Sunday, May 17, 2009

Pastoral Care and visitors off the street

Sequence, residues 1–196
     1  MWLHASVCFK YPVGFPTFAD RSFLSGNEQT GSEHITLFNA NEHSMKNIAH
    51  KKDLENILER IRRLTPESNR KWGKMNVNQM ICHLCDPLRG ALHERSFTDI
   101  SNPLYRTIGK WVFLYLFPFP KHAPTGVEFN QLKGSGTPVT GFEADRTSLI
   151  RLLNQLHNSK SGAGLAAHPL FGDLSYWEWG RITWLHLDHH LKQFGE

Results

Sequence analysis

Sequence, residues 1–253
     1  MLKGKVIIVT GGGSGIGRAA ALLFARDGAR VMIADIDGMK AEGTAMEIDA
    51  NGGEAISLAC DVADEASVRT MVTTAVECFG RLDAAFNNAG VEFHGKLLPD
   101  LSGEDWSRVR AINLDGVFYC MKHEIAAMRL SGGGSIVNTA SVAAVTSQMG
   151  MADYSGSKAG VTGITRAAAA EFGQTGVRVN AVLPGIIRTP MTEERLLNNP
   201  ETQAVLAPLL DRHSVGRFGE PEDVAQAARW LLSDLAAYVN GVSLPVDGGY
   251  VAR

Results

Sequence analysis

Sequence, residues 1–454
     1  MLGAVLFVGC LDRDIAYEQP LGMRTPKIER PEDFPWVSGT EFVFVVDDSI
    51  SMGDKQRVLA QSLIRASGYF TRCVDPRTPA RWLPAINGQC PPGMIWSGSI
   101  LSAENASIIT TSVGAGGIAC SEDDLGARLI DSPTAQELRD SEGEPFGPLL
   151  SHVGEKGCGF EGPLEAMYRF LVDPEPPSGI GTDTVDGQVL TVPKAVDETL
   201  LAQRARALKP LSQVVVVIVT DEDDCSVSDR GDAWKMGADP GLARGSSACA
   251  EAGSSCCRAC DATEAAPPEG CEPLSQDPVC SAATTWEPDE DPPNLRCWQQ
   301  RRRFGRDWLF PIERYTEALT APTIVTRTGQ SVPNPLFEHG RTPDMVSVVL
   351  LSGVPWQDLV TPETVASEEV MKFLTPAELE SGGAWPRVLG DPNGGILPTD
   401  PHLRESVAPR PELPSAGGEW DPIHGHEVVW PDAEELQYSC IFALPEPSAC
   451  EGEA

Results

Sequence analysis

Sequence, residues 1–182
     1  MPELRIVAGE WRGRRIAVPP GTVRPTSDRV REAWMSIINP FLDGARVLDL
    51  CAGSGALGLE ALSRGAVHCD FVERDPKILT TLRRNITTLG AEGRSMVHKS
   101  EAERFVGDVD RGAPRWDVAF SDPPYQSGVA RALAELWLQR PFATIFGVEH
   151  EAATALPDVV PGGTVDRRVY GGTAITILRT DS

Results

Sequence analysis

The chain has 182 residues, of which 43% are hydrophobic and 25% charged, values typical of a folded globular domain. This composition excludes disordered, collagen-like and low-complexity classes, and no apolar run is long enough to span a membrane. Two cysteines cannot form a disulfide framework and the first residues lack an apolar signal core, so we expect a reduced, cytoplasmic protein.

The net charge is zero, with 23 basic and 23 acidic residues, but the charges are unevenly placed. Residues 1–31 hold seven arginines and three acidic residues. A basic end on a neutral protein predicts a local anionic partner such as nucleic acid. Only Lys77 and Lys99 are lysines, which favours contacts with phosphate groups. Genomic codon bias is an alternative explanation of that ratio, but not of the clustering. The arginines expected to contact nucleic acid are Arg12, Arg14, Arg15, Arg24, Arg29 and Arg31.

During any given week, I am visited often by people who are not part of the congregation with a variety of needs, concerns, and situations. Some are one-time deals, which were especially frequent when we used to give out gas cards. Food from our food pantry has not been our most popular attraction as of late; maybe there are better places to get fed or free food. Sometimes I have repeat visitors, many of whom I’ve gotten to know, and I’ll hire them to clean up the yard (not anyone’s “job”) or other odd jobs when there is a need. But, most often I would get stories, and these stories were shared with the hope of getting a helping hand out. I found that often times in these chance meetings, my day was altered significantly if I took the time to really try to listen to the stories, or I would have to be disingenuous and short with others when I didn’t have the time and/or patience to listen. Several months ago, I thought to have those who were serious about seeking me out, seeking spiritual guidance, and maybe a helping hand, to make an appointment when it was convenient for both of us, and come at that time. Our agenda would be to talk about whatever he or she wanted to talk about. A counseling session lite. I would offer to do this for free, or to even pay the person seeking the services out of my pastoral discretion fund (what is this money for?). Well, finally I had my first taker. CC came on a Thursday afternoon just as I was leaving the church to get somewhere. I could smell alcohol on his breath, he was unkempt…looked rough. Said he wanted to talk. So, we made an appointment, one week from that day was okay with both of us. I wrote it down on a piece of paper for him. Thursday May 14, 2009, at 3 pm. At 3:05, I figured he wasn’t coming…then a few minutes later he shows up at the door. His hair was a little crazy, and he still smelled like alcohol, but he was wearing a sports coat and some loafers, as if he was trying to dress up a bit for our time together. He shared about his life, and how it had gone down the tubes, but he wanted to try to get it back together again. Our time was up at 4; at the end we read scripture and prayed together. He seemed very appreciative; said he wanted to come back. So we made another appointment. I figure I can do this until I feel we’re not going anywhere, the pastoral discretion fund runs out, or he stops coming. And who knows, maybe God will work a miracle through these kinds of encounters.

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